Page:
3.1. Calcium Phosphate

Calcium phosphate scaffolds (e.g., β-tricalcium phosphate [33]) offer favorable biocompatibility, excellent biological activity, and adjustable degradation rate [34, 35], making them an ideal material for bone repair. Calcium phosphate scaffolds used for bone repair often contain human primary cells (such as mesenchymal stem cells, bone cells, and endothelial cells) and growth factors. Growth factors can be encapsulated and embedded within the calcium phosphate scaffolds in a particular way. These factors can then be released into the microenvironment where bone grafting occurs to play a regulatory role by stimulating the expression of relevant genes.

Sun et al. [36] examined cell responses induced by the release of growth factors from a biodegradable porous calcium phosphate three-dimensional scaffold. They simulated and reconstructed a three-dimensional system for bone regeneration and assessed the effects of pore size and porosity on bone formation and angiogenesis. The results showed that, compared with pore size, porosity played a leading role in bone formation and angiogenesis and that pore size could adjust the rate of release of growth factors. The model developed by the institute can use specific scaffolds for sustained release of growth factors to predict bone regeneration.

3.2. Hydroxyapatite

Hydroxyapatite features excellent biocompatible and osteoconductive properties and easily combines with other materials [37]. It is an excellent carrier material and is widely used in sustained release of growth factors. It has a composition similar to inorganic bone matrix. Tsurushima et al. [38] coated hydroxyapatite ceramic buttons (HAP-CBs) with FGF-2 by precipitation in supersaturated calcium phosphate solution. HAP-CBs coated with high or low doses of FGF-2 were denoted by FGF-H or FGF-L. The release profile and biological activity of FGF-2 released from FGF-H and FGF-L were evaluated. The results showed that FGF-2 could still be detected at day 14 after in vivo release and the released growth factor still retained its biological activity. Bone formation is known to require a specific concentration of FGF-2, and this HAP-CB delivery system can release a sufficient amount of FGF-2 to induce bone formation.

The use of inorganic materials in association with various organic materials is more common than the use of inorganic materials alone. For example, although inorganic materials such as ceramics have potential benefits for bone replacement as high compressive strength, biodegradability, and osteoconductivity, they lack intrinsic mechanisms for controlled delivery. In this regard, the design of composite scaffolds is highly advantageous to control the release of growth factors. Fei et al.prepared a bone graft composite consisting of rhBMP-2 loaded PLGA microspheres and calcium phosphate cement achieving a controlled release for 28 days [39]. And Maehara et al. [40] impregnated porous hydroxyapatite/collagen (HAp/Col) with FGF-2 to repair large cartilage defects in rabbits. The scaffold was composed of hydroxyapatite nanocrystals and type I atelocollagen. The results showed that the FGF-2-incorporated porous hydroxyapatite/collagen effectively enhanced cartilage repair in rabbits. Letic-Gavrilovic et al. [41] also coupled collagen/hydroxyapatite (Col/HAp) to nerve growth factor β (NGF-β) for sustained release of the neurotrophin. The results of scanning electron microscopy and histological examination showed that this composite offers a variety of advantages in tissue engineering, such as excellent mechanical strength and biocompatibility, and is very suitable as a biomaterial for filling irregular maxillofacial defects.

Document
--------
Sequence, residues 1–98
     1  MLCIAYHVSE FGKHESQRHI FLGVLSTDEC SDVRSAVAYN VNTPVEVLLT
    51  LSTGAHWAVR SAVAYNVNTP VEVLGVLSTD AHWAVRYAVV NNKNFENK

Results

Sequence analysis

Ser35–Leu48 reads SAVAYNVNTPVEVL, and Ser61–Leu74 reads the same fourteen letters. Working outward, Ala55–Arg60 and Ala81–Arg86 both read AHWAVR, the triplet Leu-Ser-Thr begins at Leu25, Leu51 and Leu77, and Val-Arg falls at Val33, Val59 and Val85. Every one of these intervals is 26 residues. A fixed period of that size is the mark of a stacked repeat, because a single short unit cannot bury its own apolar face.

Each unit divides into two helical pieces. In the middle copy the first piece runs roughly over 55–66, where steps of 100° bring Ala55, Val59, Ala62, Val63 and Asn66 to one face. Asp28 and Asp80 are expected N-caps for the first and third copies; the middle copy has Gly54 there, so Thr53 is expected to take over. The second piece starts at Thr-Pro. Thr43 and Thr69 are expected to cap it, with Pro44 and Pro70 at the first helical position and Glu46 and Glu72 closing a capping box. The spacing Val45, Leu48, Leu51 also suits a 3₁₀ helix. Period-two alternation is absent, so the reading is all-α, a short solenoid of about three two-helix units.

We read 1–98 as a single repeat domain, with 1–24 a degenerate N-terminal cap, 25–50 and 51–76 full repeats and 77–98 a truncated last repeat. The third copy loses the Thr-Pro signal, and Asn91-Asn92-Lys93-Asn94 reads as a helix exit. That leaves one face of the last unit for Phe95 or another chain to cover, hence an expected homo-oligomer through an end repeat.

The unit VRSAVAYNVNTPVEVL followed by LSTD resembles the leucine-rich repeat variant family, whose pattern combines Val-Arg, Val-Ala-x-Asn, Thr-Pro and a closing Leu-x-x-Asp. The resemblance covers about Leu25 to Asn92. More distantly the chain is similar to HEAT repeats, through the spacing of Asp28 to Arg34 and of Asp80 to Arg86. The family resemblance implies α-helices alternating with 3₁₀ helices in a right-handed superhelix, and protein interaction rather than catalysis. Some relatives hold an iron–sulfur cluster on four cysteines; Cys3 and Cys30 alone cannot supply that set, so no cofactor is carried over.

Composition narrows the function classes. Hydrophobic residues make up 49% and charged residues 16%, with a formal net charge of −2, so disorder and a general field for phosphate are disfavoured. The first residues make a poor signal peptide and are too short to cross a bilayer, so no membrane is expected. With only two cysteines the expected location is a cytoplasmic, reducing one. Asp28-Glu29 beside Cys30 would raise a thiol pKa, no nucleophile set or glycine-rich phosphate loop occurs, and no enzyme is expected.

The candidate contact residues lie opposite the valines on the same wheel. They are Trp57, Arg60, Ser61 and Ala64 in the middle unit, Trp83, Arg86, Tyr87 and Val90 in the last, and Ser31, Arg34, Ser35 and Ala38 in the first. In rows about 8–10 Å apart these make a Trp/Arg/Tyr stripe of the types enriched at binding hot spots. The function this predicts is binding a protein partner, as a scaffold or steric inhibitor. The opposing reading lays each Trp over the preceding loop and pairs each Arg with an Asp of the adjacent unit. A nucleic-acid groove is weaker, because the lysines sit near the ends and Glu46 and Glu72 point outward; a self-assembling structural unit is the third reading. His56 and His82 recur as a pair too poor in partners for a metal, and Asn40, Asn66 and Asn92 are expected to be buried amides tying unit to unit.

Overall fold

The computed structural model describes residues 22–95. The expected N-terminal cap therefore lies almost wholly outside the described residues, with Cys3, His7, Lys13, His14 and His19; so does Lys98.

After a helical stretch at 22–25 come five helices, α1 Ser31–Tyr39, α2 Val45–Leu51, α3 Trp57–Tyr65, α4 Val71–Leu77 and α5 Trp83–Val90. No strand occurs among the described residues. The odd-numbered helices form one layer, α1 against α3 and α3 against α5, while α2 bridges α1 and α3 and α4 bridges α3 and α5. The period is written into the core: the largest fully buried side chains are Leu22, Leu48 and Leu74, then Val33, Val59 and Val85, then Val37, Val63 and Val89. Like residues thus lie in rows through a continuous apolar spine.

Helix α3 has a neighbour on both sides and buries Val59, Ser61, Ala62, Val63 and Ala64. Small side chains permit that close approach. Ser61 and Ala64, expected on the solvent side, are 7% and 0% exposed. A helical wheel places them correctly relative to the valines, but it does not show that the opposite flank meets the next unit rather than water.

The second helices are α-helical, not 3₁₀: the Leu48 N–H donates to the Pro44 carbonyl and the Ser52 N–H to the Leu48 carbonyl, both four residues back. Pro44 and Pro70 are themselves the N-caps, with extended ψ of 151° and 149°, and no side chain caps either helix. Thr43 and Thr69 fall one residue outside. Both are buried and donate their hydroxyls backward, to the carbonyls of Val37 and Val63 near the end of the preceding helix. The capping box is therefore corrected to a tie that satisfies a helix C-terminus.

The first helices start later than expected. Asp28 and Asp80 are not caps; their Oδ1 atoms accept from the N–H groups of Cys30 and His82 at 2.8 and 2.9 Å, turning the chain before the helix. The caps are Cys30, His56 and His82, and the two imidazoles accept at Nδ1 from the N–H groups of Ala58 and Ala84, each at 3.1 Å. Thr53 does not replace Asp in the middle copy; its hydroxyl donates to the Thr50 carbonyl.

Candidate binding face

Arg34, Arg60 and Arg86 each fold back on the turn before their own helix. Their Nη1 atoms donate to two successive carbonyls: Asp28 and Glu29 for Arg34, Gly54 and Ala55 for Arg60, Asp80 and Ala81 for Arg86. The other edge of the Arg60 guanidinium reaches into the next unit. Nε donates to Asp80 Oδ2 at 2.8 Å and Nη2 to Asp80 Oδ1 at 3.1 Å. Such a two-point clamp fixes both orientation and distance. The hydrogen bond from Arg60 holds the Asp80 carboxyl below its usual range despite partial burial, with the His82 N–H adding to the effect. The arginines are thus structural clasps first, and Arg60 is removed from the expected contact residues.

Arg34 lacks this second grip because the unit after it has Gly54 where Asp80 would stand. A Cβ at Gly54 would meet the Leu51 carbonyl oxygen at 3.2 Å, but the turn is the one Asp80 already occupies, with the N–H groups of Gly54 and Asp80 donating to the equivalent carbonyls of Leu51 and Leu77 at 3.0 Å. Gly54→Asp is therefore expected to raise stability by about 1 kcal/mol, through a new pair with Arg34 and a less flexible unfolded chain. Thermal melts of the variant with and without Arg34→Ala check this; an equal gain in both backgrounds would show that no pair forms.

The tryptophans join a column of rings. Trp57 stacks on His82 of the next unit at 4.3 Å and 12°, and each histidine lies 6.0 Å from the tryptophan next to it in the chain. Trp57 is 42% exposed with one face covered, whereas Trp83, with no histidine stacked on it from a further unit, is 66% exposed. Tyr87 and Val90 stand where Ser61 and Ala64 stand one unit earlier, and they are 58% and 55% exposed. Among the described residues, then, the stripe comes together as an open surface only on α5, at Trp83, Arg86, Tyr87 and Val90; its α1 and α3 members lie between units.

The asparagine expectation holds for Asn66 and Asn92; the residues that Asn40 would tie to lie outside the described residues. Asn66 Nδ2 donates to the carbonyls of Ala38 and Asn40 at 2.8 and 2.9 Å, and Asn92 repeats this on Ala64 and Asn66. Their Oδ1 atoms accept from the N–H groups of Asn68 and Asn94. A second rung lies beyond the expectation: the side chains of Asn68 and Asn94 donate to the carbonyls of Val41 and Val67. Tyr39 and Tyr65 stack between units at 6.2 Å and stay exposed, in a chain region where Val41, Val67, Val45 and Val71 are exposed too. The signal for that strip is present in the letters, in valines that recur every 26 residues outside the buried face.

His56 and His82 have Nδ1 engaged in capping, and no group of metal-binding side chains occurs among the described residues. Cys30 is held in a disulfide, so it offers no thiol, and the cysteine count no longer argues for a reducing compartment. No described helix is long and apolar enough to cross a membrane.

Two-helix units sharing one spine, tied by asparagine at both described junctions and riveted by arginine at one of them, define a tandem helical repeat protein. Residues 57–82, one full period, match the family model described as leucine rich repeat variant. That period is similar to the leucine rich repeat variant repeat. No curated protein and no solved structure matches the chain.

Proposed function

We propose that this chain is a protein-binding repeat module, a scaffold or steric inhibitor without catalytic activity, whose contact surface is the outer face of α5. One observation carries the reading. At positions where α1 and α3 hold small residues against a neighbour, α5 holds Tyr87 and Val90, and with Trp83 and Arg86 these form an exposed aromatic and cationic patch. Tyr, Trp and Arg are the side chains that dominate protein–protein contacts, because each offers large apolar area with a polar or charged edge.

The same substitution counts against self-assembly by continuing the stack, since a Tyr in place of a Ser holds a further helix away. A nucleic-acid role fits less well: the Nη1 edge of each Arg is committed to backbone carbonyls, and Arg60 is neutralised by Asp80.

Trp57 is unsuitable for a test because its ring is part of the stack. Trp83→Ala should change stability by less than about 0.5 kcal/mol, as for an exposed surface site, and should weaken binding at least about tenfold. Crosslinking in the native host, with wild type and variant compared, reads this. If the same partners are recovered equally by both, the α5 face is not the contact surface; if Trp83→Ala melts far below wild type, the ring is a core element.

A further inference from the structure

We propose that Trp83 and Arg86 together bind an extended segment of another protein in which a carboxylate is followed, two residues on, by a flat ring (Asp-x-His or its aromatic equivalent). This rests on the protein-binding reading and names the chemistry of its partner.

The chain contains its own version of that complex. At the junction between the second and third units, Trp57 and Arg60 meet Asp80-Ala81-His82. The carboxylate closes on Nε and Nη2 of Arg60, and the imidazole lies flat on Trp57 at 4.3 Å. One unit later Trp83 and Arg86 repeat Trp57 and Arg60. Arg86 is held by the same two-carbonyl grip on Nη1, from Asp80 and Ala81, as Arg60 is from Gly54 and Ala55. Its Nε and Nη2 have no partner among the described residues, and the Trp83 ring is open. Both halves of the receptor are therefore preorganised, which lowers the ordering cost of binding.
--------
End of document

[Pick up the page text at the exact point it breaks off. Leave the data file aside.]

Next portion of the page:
4. Conclusions and Outlook

Growth factors are a class of versatile regulatory peptides secreted by a variety of cells and regulate important functions such as cell division, proliferation, and migration. Despite their widespread application in the clinic, major challenges remain with the use of growth factors, such as short half-life, susceptibility to inactivation, and rapid dilution and metabolism if used topically. In recent years, notable progress has been made in the research of materials for sustained release of growth factors. The use of natural polymer materials and modification of existing inorganic and organic polymer materials have emerged as an area of intense research for sustained release carriers. Studies have shown that sustained release composite systems can avoid burst release and ensure gradual and stable release of growth factors within certain concentrations. Moreover, it is possible to improve controlled and site-specific drug delivery and therefore enhance the bioavailability of growth factors by harnessing the properties of polymer materials, such as biocompatibility and tissue targeting. This represents a new direction in the research of carriers for sustained release of growth factors.

Conflict of Interests

The authors have declared that no competing interests exist.

Authors’ Contribution

Hai-yang Zhao and Jiang Wu had equal contribution and are designated as co-first authors.


This work was supported by Zhejiang Provincial Program for the Cultivation of High-level Innovative Health Talents (to Jian Xiao), the National Natural Science Foundation of China (81372112 and 81372064), and Zhejiang Provincial Natural Science Foundation of China (Y14H150023 and Q15E030015). The funders had no role in study design, data collection and analysis, the decision to publish, or preparation of the paper.